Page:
Prosecutors File First US Tax Evasion Case Related to the Panama Papers

Panama PapersThe Panama Papers leak has yielded its first criminal indictment in the United States.


In 2016, almost 12 million documents from a Panamanian law firm were leaked.  The law firm, Mossack Fonesca, focused its business on serving well-heeled clients interested in moving money into offshore tax havens, or laundering money through opaque shell companies in secrecy jurisdictions.


In the two years since, the leak informed the world about the global practices of the very rich, governmental elites, and shadowy terrorist and other organizations.  Politicians have resigned, celebrities have seen sometimes shady financial dealings exposed, and legislation has been undertaken to address the practices revealed in the papers.


In early December, 2018, federal prosecutors unsealed a grand jury indictment that alleges four individuals were involved in wire and tax fraud, money laundering, failure to file an FBAR, and making false statements as the result of a multi-year scheme facilitated at Mossack Fonesca.


While moving money into offshore tax havens is not a tax crime, it can become one if the money is not properly reported and necessary taxes paid.  This case, brought in the Southern District of New York, names four people in a scheme alleged to have run from 1992 until approximately 2010.


The defendant dock is multinational: Dirk Bauer is a German citizen, Ramses Owens is a citizen of Panama, Harald Joachim Von Der Goltz is also a German citizen, and Richard Gaffey is an American.


Federal prosecutors allege the quartet formed and managed foreign bank accounts and offshore trusts in the British Virgin Islands, Panama, and other secrecy tax havens.  Mr. Gaffey, a partner with the Massachusetts accounting firm Elder, Gaffey & Paine, worked with Mr. Von Der Goltz, who was a client at Mossack Fonesca.  Part of the method for creating shell companies included naming the elderly mother of Mr. Von Der Goltz as the owner of the entities.  The woman, as a resident of Panama, is not required to pay taxes in the US.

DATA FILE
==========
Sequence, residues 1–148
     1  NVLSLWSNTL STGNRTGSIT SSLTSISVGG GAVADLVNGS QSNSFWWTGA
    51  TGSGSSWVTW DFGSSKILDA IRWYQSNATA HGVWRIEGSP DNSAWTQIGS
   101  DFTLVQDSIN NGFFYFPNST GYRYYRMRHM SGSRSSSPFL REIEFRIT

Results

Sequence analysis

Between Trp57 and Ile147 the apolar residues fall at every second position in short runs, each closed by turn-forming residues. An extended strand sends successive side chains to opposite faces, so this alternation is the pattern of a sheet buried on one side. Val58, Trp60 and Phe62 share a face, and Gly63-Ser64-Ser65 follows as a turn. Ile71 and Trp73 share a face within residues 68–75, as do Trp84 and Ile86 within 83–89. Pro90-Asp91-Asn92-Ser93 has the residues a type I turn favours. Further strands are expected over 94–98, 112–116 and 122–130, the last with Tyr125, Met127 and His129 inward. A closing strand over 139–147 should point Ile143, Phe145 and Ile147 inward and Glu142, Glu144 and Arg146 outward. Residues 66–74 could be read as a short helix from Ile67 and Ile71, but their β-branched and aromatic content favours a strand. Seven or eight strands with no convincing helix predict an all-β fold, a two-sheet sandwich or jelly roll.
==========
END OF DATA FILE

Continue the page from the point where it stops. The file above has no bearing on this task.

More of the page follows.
Mr. Owens was an attorney at Mossack Fonseca, and Mr. Brauer was an investment advisor at a company that worked with the law firm.


As US Attorney Geoffrey Berman notes, "As alleged, these defendants went to extraordinary lengths to circumvent U.S. tax laws in order to maintain their wealth and the wealth of their clients. For decades, the defendants, employees and a client of global law firm Mossack Fonseca allegedly shuffled millions of dollars through offshore accounts and created shell companies to hide fortunes.  In fact, as alleged, they had a playbook to repatriate un-taxed money into the U.S. banking system.  Now, their international tax scheme is over, and these defendants face years in prison for their crimes.”


At the outset of the indictment, the case appears to hit all the points of the type of case that the IRS has stated it would pursue, in light of its continually shrinking resources.


Chief of the IRS Criminal Investigation unit, Don Fort, states, “IRS-CI specializes in unraveling these intricate offshore tax schemes and following the money around the globe wherever it may lead.  Cases like this help maintain the public’s confidence in our tax system by letting them know that we investigate and prosecute those who evade their tax obligation.”


Knowledgeable counsel from experienced tax litigation attorneys in Cleveland

If you have an offshore tax question, a corporate payroll tax issue, or other tax controversy, our tax lawyers can help.  At Robert J. Fedor, Esq., LLC, we provide confidential, appropriate solutions to tax problems involving private wealth or corporate assets.  Contact us or call 800-579-0997 today.


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